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  • Diana Schneidman

Hey, freelancers and consultants: No, I STILL don’t care if you can pay your expenses

A few weeks ago I ranted about how as a client of freelancers and consultants (as well as a freelancer / consultant myself), I am not interested in how or whether their fees meet their cost of living. In retrospect, I may have gotten too emotional in responding to comments. Sorry.

Experts often recommend that self-employed people determine how much money they need to meet expenses and then adjust their rates to cover these expenses and ideally make a profit. I still disagree.

Smart readers noted a problem I had overlooked: If someone undercharges, they may not complete the project specifically because they are not making enough money. Either they have to quit my project in favor of something more lucrative or they lose interest because they are so grossly underpaid.

So there you are. Your project is tied up on someone else’s computer and / or desk and they disappear. Perhaps they disappear with your advance payment in hand.

That is a problem. You may say it is my own darn fault for being such an inconsiderate cheapskate.

No, it’s their problem for being either unethical or simply stupid and I’m merely suffering the fallout.

How much money does it take to cover expenses?

A great question. Unfortunately, I have no answer.

The labor market is international and varies as to cost of living. Rate schedules from professional organizations don’t solve the problem because the size and scope of the labor market do not even nearly begin to match the narrow nature of these groups.

My research identifies only one firm figure on how much someone needs to survive: McDonald’s employees claim it is $15 per hour.

You have to admire them for attaching a dollar amount to such a vague concept. Seriously. These people are putting out a number rather than issuing a lot of hot air about value, human dignity, and other hard-to-measures.

$15 is not a fortune, but alas, it’s more than some freelancers and consultants earn. And by the way, it is far, far, far less than I pay.

Should we offer to pay more to freelancers / consultants who undercharge?

I’ve only done it once. I was working with an editor who undercharged and I told her she should up her rates.

Her rate at the time was $40 per hour.

I had worked with her extensively and believed her market value was considerably in excess of that.

It had nothing to do with where she lived or her cost of living. She didn’t live at The Dakota in NYC or down the road from Bill Gates.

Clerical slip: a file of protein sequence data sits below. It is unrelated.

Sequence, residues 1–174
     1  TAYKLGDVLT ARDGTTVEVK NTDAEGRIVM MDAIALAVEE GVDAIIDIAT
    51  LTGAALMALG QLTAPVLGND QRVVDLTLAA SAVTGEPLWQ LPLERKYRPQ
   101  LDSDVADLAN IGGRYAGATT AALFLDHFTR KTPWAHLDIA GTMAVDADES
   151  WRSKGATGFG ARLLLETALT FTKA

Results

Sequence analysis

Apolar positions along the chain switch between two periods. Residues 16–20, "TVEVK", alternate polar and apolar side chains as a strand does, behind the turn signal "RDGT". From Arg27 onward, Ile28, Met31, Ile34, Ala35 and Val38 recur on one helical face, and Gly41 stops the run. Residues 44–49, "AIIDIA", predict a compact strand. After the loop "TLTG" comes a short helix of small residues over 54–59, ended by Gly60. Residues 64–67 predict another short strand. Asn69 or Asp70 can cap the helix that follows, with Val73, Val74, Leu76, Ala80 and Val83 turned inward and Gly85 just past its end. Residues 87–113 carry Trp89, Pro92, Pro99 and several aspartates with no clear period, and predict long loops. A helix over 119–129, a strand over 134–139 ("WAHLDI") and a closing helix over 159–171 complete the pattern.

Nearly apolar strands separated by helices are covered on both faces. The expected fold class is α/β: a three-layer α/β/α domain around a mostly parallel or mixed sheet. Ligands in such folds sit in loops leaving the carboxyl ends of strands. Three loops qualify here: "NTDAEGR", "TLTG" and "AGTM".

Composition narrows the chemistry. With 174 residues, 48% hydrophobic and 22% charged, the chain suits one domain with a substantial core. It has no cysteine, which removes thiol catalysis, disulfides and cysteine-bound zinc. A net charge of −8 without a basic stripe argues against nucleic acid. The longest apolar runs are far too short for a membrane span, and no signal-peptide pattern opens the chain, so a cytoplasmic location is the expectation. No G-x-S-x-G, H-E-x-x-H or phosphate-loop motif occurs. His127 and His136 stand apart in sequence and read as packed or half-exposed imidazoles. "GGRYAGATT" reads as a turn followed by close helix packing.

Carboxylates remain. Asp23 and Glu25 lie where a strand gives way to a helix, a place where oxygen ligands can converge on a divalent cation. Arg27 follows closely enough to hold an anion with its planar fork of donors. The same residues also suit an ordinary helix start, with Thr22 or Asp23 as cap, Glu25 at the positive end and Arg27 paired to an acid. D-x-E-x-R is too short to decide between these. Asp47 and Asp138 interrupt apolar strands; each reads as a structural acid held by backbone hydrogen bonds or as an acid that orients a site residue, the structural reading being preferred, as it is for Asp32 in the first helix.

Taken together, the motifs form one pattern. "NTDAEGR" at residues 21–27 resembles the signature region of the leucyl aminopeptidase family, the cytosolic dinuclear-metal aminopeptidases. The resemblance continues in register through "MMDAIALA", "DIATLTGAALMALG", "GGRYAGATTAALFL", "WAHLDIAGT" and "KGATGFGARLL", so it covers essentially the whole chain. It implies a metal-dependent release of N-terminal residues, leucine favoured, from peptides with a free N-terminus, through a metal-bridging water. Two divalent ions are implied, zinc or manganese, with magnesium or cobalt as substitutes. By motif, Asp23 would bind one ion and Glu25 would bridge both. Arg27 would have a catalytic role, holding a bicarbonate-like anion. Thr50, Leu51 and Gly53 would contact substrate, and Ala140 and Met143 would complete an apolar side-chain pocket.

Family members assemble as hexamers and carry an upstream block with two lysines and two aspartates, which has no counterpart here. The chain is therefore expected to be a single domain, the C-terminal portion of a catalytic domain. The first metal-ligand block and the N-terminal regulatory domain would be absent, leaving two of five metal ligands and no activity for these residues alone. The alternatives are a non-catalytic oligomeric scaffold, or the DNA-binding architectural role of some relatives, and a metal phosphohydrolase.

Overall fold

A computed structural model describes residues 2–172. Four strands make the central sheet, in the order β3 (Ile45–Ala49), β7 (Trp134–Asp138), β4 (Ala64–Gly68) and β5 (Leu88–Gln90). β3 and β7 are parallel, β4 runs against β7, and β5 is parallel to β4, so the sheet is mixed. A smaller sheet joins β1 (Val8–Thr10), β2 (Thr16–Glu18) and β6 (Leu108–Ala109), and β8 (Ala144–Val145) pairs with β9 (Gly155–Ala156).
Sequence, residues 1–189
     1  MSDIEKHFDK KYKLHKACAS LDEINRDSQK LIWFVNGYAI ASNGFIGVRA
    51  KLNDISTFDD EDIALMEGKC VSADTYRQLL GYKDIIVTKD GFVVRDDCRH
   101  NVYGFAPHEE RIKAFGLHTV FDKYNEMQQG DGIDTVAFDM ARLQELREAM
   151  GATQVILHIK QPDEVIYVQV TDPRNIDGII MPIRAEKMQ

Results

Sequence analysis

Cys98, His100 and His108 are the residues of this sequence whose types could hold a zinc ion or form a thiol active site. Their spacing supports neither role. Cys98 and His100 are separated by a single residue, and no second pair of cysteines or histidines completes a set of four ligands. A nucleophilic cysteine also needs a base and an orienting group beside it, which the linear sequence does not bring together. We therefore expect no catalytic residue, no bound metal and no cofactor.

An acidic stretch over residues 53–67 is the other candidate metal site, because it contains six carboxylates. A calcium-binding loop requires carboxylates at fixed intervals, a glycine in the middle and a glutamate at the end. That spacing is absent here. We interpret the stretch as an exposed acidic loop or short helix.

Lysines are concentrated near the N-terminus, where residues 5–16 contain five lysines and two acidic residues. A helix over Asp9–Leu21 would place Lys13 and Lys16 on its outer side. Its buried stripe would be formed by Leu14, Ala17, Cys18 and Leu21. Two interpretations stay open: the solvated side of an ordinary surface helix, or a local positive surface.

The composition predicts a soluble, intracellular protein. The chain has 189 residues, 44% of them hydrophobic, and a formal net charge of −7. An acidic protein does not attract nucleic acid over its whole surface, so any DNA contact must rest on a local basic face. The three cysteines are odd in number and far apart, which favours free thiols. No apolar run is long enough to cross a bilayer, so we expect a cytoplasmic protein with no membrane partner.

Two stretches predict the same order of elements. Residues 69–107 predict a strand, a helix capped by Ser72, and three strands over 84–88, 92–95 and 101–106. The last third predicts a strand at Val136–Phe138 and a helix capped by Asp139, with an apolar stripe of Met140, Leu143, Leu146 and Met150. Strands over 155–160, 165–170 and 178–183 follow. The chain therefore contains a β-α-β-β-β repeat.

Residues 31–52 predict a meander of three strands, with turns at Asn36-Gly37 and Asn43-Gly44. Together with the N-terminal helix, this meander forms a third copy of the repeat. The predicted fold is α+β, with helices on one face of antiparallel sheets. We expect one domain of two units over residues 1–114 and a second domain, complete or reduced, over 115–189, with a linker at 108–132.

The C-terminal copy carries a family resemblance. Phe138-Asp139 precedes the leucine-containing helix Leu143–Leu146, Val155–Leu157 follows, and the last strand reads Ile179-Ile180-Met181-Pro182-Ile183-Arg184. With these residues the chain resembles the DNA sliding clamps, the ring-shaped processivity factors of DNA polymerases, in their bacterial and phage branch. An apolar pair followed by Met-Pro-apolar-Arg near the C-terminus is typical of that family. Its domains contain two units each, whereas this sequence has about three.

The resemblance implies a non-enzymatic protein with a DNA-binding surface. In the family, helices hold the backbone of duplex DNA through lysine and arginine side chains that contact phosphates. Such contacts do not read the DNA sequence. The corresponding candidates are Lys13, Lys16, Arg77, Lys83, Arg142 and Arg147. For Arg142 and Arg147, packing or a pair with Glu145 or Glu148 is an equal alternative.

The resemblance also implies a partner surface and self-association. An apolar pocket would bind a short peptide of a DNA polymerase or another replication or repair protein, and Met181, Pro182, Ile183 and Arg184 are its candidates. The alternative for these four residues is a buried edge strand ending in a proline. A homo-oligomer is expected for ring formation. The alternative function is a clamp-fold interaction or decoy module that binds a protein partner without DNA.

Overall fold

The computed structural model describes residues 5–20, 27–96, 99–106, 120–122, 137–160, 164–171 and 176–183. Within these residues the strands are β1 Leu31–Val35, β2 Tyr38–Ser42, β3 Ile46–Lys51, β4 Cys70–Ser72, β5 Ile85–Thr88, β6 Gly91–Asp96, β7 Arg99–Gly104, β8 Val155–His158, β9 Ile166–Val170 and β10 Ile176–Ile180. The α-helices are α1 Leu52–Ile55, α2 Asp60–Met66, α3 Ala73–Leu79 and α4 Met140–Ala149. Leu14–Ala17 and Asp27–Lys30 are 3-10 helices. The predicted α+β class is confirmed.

At $40 per hour, it is quite possible she was making $50,000 annually. Not a fortune but above the U.S. national average.

I told her this because of the value I received and because she was a friend.

(She knew the price was kind of low but this was the rate she chose temporarily as she repositioned her practice.)

People who don’t complete a project at the rate agreed to lack integrity, pure and simple.

There is no way clients can head off this problem by insisting upon paying more.

I have been stiffed by a disappearing web person who vanished after months of working with me. Furthermore, she was sitting upon a $250 advance. (In addition, I had already paid for previous work.) I was paying an adequate—even attractive—rate.

I was worried that she was in a hospital bed, unconscious, until a friend of mine that she did not know tracked her down. She answered the friend’s email (which suggested a business relationship and in no way referred to me) in less than a half hour.

What do to when you have undercharged

If you have an agreement, you have to do the work for the price agreed upon.

Go back and look at the contract or the email of understanding. Look at the scope of the project and require the client to stick to it unless they pay more.

What if you have no contract? Of what if you do have a contract but you didn’t think of every way from here to kingdom come that the scope could be expanded?

Speak up for yourself!

If that doesn’t work, you just may have to make like Nancy Reagan opposing drugs in the 1980s and JUST SAY NO.

I am not an attorney. This is not valid legal advice. I have never myself been in this position so I cannot tell you to do what I did.

Every day there are low-ranking, low-paid people who take matters into their own hands and revolt. They aren’t violent. They simply refuse to do what they are told to do. You can do the same.

Say something. Simply disappearing is always extremely unprofessional and not acceptable.

There is no relationship between some cost-of-living figure and your refusing to be exploited.

If you are disgruntled, you don’t need to show the client your checkbook register to justify more pay.

This is because your rates are agreed upon by you and the client based on some valuation of your services. The cost of living in your community and the lifestyle you have chosen are irrelevant.

Originally posted 4-27-15

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